Abe's Comfort Women Remarks: What Was He Thinking?
Ralph A. Cossa (President, Pacific Forum CSIS) and Brad Glosserman (Executive Director, Pacific Forum CSIS)
What was he thinking? That is the question most thoughtful observers of the U.S.-Japan alliance grappled with last week as Japanese Prime Minister Abe Shinzo fumbled questions about the imperial Japanese government's role in recruiting "comfort women" during the Pacific War. His responses came close to undoing the progress he had made in restoring relations with China and South Korea and threatened to drive a wedge between Tokyo and Washington. They reveal uncomfortable truths about Japan - but facts that the U.S. must nonetheless acknowledge when dealing with its ally.
The controversy began March 1 when Abe was asked about an LDP group that wanted the government to revisit - rescind - the 1993 statement by then Chief Cabinet Secretary Kono Yohei. Kono's comment, put forth as official government policy, followed a multi-year study by the Japanese government into relations between the Imperial Japanese military and women forced to work as sex slaves (aka "comfort women") during WWII.
Kono declared "The then Japanese military was, directly or indirectly, involved in the establishment and management of the comfort stations and the transfer of comfort women. …. The Government study has revealed that in many cases they were recruited against their own will, through coaxing coercion, etc., and that, at times, administrative/military personnel directly took part in the recruitments."
Conservatives object to two (related) points: the role the military played in the comfort women operation and the degree to which it actually "coerced" women. Abe said then, as he had noted in Diet testimony several months earlier, that the meaning of coercion was unclear and the accuracy of the statement depended on how the word was defined. Ignored was his comment that either way, his government stood behind the 1993 statement. Four days later at the Diet, Abe reiterated support for the Kono statement.
The readiness to challenge the conclusion that the government had "coerced" the women unleashed a firestorm of controversy, not least because the U.S. House of Representatives - during hearings on a resolution that called on Japan to apologize for its actions - had days before heard testimony from former comfort women that seemed to confirm the charge. Abe's response sparked fierce condemnations from leading U.S. and foreign newspapers. It seriously undercut those arguing against the resolution, in at least one instance turning a Japan supporter into a bill co-signer.
Why did Abe fan the flames, especially when it threatened to undercut diplomacy that promised "a new start" for Japanese foreign policy and had offered such promise for the new administration?
First, it should be noted that the prime minister wasn't volunteering for controversy: He didn't chose to make this an issue. He was responding to questions triggered by the actions of others (the LDP group and the U.S. hearings). This does not excuse or fully explain the response, however, or the bumbling since it was originally uttered.
One explanation is that Abe, like many other conservatives, genuinely believes that the Kono statement was wrong. They challenge the factual basis for the conclusion that the government was involved in coercion. This argument rests on the definition of the word "coercion," a legal distinction that is jarring given the longstanding insistence that Japan is not a "legalistic culture" and operates according to more flexible principles. It also attempts to trump a moral argument with a legal one. Whether the army actually coerced the women or left that job to independent contractors (as one legalistic argument asserts), there is little doubt that women were forced into servitude at the army's behest.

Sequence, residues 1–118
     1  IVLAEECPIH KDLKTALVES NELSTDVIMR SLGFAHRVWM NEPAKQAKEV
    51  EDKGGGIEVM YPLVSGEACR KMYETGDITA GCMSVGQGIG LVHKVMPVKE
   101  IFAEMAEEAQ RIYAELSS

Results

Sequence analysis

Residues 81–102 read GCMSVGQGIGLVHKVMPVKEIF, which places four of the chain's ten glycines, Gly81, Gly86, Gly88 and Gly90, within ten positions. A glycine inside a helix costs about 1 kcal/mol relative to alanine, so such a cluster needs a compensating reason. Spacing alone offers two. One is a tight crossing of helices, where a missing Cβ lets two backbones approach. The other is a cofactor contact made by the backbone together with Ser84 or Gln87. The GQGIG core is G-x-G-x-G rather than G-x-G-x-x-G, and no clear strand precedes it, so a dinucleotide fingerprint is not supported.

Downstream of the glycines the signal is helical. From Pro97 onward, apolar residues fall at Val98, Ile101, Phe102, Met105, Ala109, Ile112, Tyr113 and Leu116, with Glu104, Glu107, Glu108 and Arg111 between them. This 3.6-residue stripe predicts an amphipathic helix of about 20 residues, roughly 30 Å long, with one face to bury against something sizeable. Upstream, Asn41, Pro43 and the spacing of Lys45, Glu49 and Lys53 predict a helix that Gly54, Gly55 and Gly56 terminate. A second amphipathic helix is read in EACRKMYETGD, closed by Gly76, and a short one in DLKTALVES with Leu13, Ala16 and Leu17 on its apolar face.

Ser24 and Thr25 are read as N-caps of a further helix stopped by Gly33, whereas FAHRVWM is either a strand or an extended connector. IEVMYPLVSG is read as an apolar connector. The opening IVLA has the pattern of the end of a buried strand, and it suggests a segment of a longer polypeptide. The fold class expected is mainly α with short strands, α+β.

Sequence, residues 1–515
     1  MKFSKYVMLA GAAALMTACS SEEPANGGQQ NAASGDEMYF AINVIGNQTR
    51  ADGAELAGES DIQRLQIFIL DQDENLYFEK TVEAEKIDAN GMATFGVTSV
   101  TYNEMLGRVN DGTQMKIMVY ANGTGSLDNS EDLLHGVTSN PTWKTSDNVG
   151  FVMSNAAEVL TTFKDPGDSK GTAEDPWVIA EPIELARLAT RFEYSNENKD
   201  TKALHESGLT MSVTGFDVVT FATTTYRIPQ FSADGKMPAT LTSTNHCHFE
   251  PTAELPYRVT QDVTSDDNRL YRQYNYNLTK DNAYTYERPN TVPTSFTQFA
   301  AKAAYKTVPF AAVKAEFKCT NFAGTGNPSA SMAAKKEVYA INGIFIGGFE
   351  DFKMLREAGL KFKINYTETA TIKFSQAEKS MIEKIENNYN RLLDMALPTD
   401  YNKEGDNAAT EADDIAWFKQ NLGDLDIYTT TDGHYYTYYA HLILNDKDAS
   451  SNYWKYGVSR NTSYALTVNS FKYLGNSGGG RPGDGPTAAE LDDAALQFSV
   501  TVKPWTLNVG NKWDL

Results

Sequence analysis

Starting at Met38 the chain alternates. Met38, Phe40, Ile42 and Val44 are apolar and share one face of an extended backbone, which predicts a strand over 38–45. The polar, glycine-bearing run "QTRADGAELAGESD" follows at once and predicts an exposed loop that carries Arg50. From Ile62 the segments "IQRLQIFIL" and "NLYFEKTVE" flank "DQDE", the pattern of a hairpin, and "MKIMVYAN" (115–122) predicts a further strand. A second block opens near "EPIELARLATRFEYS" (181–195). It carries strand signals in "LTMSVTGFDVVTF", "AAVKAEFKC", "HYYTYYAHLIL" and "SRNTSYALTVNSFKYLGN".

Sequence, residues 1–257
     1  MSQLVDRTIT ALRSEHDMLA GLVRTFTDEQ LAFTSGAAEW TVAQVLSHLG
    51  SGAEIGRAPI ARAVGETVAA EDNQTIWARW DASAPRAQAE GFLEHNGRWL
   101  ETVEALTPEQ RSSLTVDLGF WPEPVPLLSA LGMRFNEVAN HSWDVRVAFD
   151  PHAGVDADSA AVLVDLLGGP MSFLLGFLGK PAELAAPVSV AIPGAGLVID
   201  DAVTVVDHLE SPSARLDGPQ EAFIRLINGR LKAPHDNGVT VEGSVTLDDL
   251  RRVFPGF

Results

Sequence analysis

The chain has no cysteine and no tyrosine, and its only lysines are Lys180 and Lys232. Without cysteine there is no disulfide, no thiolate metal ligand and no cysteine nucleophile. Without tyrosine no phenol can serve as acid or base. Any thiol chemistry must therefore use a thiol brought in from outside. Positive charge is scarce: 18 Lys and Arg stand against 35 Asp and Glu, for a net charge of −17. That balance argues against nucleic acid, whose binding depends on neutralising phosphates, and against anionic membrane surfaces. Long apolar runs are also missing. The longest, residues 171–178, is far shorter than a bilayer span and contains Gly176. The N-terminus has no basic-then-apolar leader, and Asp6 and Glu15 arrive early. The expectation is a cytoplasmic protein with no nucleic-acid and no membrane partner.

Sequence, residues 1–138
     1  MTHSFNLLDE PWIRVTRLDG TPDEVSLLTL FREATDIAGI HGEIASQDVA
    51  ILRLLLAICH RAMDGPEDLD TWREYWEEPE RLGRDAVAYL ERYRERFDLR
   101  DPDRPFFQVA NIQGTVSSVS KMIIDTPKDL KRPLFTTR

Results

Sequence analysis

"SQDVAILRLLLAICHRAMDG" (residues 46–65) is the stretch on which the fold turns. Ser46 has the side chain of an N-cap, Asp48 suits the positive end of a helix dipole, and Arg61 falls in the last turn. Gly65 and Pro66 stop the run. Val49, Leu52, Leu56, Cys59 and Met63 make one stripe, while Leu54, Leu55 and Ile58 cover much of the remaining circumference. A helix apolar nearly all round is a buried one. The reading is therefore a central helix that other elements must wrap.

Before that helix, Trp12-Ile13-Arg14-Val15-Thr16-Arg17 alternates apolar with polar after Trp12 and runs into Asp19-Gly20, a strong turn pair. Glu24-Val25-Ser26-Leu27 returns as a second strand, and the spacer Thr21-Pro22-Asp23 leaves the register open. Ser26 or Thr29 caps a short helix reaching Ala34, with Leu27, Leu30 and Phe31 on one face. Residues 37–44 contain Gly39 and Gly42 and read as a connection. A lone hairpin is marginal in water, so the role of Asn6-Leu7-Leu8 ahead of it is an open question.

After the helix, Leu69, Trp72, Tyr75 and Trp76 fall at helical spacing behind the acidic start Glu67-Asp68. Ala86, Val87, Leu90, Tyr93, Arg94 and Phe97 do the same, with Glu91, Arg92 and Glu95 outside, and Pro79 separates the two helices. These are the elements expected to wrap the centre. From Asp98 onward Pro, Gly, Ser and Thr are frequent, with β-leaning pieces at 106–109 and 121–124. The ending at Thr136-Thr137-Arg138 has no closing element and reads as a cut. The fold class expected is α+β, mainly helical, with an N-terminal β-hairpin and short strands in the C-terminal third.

This argument also rests on a sense of nationalism. Many conservatives chafe at the judgment of the Tokyo Tribunals and don't like to see their country singled out for criticism. The Kono statement implies that Japanese behavior was somehow different from that of other countries' and Tokyo must apologize for things that other governments have not.
Underlying that conclusion - and obliging Abe to defend it - is domestic politics. The prime minister believes that Japan should be a more assertive country, one that is judged by its record of the last 60 years rather than for the sins of its forefathers. His domestic political base agrees, and they both resent being told what to do by any country - even (especially?) the U.S. (Interestingly, China's response to this flap has been low-key. This suggests that Beijing is committed to rapprochement with Tokyo and is smart enough to let other governments beat up Japan on this issue.)
Ironically, there are many in the U.S. and Asia who agree that it is time to stop dwelling on the past; today's Japan should be judged by its post-war history. Unfortunately, Abe's comments - like his predecessor Koizumi Junichiro's visits to Yakakuni Shrine - make it impossible for even Japan's supporters to move past the history debate.
The phenomenon drives home the rising significance of domestic politics in Northeast Asia and the transition that all countries are experiencing as the international environment evolves and a new generation comes to power. No country is immune to these pressures and
(Posted here with the permission of Pacific Forum CSIS.)